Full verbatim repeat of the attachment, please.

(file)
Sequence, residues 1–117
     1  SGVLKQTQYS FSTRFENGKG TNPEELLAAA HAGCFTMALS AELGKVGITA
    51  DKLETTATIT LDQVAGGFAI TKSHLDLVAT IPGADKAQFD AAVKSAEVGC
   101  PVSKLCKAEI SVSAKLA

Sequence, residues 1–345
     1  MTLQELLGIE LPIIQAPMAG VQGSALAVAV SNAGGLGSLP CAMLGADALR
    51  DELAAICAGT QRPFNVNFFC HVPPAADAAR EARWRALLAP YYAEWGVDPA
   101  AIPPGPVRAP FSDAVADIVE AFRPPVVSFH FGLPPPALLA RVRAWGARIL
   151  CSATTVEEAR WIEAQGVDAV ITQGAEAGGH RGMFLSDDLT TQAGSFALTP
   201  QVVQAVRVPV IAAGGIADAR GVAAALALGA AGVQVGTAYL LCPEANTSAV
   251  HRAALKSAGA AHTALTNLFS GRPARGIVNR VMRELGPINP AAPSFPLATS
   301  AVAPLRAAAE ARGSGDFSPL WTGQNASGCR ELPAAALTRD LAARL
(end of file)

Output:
Sequence, residues 1–117
     1  SGVLKQTQYS FSTRFENGKG TNPEELLAAA HAGCFTMALS AELGKVGITA
    51  DKLETTATIT LDQVAGGFAI TKSHLDLVAT IPGADKAQFD AAVKSAEVGC
   101  PVSKLCKAEI SVSAKLA

Sequence, residues 1–345
     1  MTLQELLGIE LPIIQAPMAG VQGSALAVAV SNAGGLGSLP CAMLGADALR
    51  DELAAICAGT QRPFNVNFFC HVPPAADAAR EARWRALLAP YYAEWGVDPA
   101  AIPPGPVRAP FSDAVADIVE AFRPPVVSFH FGLPPPALLA RVRAWGARIL
   151  CSATTVEEAR WIEAQGVDAV ITQGAEAGGH RGMFLSDDLT TQAGSFALTP
   201  QVVQAVRVPV IAAGGIADAR GVAAALALGA AGVQVGTAYL LCPEANTSAV
   251  HRAALKSAGA AHTALTNLFS GRPARGIVNR VMRELGPINP AAPSFPLATS
   301  AVAPLRAAAE ARGSGDFSPL WTGQNASGCR ELPAAALTRD LAARL